Emil Joseph Kapaun was born on a farm near Pilsen, Kansas, in 1916. Pilsen was a tiny town of less than 100 people named after the city of Pizen in the Czech Republic. His parents were Czech immigrants and devout Catholics. Emil, besides being an excellent student, became quite adept at repairing farm equipment and machinery. This knowledge would prove very beneficial later on when he was a prisoner of war.
Emil Kapaun was ordained a priest on June 9, 1940. In 1944, he joined the U.S. Army Chaplains Corps and was assigned to serve in Burma. He left the army in 1946 to seek an advanced degree in education. He knew in his heart that his priestly ministry was to be a chaplain so, upon receiving his Master’s Degree in 1948, he re-enlisted in the Chaplain Corps.
During the Korean War, Captain Emil Kapaun was the Catholic chaplain assigned to the 3rd Battalion of the 8th Cavalry. On November 1, 1950, the feast of All Saints, Father Kapaun celebrated Mass for the soldiers in his battalion. In the minds of the troops the war was about over.
The North Koreans had been beaten back by the U. S. and United Nations forces. The guys were starting to think about being home for Thanksgiving and Christmas. Those pleasant thoughts of being home for the holidays were a bit premature. Right after midnight of November 2, All Soul’s Day, their world exploded. The area held by 3,000 American soldiers was unexpectedly attacked by a force of more than 20,000 charging Chinese troops. The Americans, taken by surprise and fighting valiantly, never had a chance.
Father Kapaun ran from foxhole to foxhole, dragging out the wounded and giving Last Rites to the dying. Over the sound of gunfire and explosions he heard confessions. Feverishly working beyond the American lines in “no-man’s land,” he actually stopped an execution and negotiated with the enemy for the safety of wounded Americans. No one knows how many young soldiers he carried to safety on his back. Going back again and again he was finally taken prisoner as he tried to rescue another wounded soldier. He was not the only American GI captured that night.
By daybreak the battle was over and hundreds of newly captured American POWs, including Father Kapaun, began a forced 87-mile “death march” to a POW camp. The earlier thoughts about Christmas in America and drumsticks on Thanksgiving quickly evaporated as every step in the mud and snow and freezing cold now occupied the minds of the young soldiers who had suddenly become prisoners of war.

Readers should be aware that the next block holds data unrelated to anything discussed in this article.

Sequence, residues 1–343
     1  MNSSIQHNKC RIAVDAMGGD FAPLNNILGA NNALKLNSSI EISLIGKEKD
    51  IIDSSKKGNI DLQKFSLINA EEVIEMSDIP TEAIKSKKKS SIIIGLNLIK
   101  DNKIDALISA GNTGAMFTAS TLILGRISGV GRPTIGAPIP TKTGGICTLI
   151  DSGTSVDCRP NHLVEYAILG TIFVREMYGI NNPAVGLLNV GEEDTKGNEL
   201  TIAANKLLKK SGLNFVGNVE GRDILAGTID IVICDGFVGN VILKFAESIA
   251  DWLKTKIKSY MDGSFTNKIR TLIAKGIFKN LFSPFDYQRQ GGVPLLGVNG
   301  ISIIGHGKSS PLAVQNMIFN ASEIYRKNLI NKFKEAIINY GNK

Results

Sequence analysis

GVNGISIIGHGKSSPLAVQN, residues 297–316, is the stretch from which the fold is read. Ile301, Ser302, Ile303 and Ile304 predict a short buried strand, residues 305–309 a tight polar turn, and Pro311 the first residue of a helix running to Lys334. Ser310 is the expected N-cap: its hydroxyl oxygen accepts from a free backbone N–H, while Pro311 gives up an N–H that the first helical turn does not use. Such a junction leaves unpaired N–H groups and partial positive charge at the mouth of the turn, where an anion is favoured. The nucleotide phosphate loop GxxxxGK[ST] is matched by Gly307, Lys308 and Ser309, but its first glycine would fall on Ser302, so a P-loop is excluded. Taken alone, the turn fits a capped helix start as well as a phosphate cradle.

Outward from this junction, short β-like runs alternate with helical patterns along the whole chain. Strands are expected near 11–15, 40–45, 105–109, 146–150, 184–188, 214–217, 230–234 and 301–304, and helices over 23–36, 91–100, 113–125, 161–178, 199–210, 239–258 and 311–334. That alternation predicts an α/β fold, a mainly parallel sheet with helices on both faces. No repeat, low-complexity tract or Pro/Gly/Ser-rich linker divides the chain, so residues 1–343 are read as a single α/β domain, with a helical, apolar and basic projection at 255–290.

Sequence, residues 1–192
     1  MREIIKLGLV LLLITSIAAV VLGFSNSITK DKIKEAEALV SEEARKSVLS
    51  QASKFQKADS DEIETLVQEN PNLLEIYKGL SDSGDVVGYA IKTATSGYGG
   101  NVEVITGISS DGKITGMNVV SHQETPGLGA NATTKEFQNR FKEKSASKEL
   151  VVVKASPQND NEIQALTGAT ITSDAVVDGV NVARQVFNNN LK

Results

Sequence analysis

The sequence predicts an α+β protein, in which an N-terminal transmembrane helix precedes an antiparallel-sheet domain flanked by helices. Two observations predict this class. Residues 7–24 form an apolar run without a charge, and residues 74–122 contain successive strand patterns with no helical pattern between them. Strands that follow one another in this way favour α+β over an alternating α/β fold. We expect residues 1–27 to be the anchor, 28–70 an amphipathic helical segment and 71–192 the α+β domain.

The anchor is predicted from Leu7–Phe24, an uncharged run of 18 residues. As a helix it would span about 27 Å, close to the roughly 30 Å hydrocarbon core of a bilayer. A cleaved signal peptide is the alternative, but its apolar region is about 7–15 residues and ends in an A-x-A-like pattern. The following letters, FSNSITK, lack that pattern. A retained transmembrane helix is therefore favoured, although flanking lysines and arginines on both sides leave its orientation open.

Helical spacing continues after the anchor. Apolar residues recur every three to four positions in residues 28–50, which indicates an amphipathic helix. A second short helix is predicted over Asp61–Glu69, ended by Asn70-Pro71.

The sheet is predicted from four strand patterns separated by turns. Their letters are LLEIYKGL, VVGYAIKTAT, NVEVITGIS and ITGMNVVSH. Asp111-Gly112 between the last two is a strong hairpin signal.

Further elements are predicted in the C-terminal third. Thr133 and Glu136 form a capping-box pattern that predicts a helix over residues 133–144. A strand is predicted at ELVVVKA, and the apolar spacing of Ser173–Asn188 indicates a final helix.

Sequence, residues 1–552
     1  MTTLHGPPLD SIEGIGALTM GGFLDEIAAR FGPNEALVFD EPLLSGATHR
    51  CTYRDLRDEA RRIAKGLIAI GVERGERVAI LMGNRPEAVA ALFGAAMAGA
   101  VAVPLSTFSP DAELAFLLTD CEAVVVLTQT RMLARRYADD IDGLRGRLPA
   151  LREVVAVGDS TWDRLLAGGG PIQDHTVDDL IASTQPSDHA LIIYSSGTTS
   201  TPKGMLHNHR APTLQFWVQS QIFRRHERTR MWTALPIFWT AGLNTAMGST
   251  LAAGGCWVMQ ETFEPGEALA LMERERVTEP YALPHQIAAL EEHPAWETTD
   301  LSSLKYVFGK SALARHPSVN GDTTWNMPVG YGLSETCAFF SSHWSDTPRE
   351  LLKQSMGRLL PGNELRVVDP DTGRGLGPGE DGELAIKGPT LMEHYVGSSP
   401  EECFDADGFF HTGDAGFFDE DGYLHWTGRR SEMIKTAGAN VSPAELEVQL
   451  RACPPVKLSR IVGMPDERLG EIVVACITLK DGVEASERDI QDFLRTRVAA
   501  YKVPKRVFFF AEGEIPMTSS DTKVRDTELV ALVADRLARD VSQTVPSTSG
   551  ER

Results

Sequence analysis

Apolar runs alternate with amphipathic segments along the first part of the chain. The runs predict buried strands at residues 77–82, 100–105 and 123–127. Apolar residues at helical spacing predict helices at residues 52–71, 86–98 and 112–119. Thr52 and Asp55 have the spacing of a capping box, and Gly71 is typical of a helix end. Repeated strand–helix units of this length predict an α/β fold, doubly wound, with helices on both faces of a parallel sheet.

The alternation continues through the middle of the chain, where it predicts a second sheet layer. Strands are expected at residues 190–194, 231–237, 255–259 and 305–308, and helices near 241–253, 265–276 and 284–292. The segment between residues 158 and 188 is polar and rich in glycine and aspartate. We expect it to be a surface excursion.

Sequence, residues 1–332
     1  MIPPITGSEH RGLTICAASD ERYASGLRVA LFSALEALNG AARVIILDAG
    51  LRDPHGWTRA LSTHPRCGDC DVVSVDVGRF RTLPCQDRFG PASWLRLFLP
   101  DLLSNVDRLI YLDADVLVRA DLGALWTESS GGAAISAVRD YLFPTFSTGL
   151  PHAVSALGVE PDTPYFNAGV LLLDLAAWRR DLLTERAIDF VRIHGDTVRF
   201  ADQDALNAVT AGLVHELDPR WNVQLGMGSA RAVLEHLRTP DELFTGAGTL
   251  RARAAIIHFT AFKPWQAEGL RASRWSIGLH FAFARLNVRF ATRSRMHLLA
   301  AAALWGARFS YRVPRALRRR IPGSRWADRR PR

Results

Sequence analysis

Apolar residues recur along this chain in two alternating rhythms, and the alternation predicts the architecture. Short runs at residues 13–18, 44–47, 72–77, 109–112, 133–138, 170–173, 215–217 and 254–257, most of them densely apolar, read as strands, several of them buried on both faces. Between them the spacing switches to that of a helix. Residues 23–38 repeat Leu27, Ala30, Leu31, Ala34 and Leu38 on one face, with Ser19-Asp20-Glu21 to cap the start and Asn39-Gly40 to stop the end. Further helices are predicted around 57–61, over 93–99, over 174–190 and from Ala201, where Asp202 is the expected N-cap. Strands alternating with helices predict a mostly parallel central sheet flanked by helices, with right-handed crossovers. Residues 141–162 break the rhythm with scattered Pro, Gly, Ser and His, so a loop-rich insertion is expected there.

The “march” was brutal. Those wounded and unable to continue were shot dead. Father Kapaun picked up a wounded POW and began carrying him on his back. He implored others who were still in fair condition to do the same. Some followed his example and somehow, some way, many managed to make it alive to the prison camp.
Father Kapaun cared not an iota about himself. Against the orders of his Chinese guards he cared for the sick and wounded, built fires for warmth and cooking, searched for scraps of food, and even set up a makeshift system to purify drinking water. What infuriated the guards was how Father Kapaun managed to gather the men together, officers and enlisted men, black men and white men, even atheists, agnostics and others, to join together in saying the Rosary.
Father Kapaun became an inspiration to the other POWs. The priest would preach openly to the men even though his captors ordered him not to do so. He would pray one-on-one with POWs and some even embraced the faith and were baptized. Praying was banned and when Father Kapaun ignored it and prayed with his men his captors would strip him naked and make him stand on a block of ice for hours on end. It is hard to imagine enduring such cruelty.
On Easter Sunday 1951, the bedraggled, starving prisoners saw a silhouetted figure standing alone, illuminated by the morning sun. As the men approached they realized it was Father Kapaun. He was wearing his purple stole and holding a Roman Missal. Somehow he had received permission to hold an Easter Service. He could not say Mass but he read some Psalms and everyone recited out loud the prayers from Good Friday including the Stations of the Cross. Survivors say that some men openly wept.
Father Kapaun, worn down from the horrendous conditions and suffering from his own wounds and poor treatment, died on May 23, 1951. He was credited with saving hundreds of lives through the loving care, compassion and spirituality he demonstrated to all his men.
His awards include the Congressional Medal of Honor, the Distinguished Service Cross, the Bronze Star and many others.
In 1993, Captain Chaplain Emil Joseph Kapaun was declared a Servant of God by Pope John Paul II. The canonization process of this selfless priest is underway and there are two miracles under investigation at the present time. The simple priest from a little farm in Kansas is truly an inspiration for us all.
Servant of God Emil Kapaun, please pray for us.
“Last Rites” refers to the sacrament now generally referred to as Anointing of the Sick.
No. 1523 of the Catechism of the Catholic Church explains that this sacrament is for those who suffer from serious illness and infirmity, and “even more rightly is it given to those at the point of departing this life; so it is also called sacramentum exeuntium (the sacrament of those departing).”
“The Anointing of the Sick completes our conformity to the death and Resurrection of Christ, just as Baptism began it. … This last anointing fortifies the end of our earthly life like a solid rampart for the final struggles before entering the Father’s house.”
Those who are suffering serious illness, and especially those in the danger of death, are encouraged to receive this sacrament.